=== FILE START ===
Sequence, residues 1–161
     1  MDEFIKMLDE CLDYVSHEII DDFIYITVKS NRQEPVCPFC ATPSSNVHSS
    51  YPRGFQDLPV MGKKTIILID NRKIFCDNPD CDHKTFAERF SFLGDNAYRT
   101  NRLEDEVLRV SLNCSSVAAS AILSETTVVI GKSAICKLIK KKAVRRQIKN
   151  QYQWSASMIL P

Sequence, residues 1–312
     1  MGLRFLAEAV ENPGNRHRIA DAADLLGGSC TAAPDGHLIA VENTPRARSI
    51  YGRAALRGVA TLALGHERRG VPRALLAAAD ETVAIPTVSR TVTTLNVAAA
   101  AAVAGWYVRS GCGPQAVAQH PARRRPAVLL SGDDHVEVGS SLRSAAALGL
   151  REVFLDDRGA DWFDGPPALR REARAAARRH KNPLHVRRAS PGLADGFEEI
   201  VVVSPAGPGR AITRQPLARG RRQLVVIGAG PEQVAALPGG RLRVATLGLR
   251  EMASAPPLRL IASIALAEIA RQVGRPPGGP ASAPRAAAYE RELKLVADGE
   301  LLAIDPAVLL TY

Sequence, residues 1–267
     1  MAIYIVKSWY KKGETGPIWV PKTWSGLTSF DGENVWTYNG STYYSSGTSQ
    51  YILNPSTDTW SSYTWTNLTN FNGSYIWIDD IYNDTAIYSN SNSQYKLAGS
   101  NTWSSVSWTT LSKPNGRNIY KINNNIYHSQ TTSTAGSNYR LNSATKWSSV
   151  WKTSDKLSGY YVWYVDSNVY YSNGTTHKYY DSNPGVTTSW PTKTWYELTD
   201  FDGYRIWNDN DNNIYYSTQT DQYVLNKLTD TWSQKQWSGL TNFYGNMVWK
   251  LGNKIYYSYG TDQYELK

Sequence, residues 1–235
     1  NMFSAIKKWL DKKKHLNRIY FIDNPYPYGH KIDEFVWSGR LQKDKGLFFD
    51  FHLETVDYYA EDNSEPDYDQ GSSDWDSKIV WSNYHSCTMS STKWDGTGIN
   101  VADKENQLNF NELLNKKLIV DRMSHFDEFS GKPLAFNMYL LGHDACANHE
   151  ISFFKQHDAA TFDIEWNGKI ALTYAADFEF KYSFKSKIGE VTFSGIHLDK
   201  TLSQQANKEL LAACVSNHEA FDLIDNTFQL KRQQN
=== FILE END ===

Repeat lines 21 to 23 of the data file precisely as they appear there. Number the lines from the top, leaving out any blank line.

Sequence, residues 1–235
     1  NMFSAIKKWL DKKKHLNRIY FIDNPYPYGH KIDEFVWSGR LQKDKGLFFD
    51  FHLETVDYYA EDNSEPDYDQ GSSDWDSKIV WSNYHSCTMS STKWDGTGIN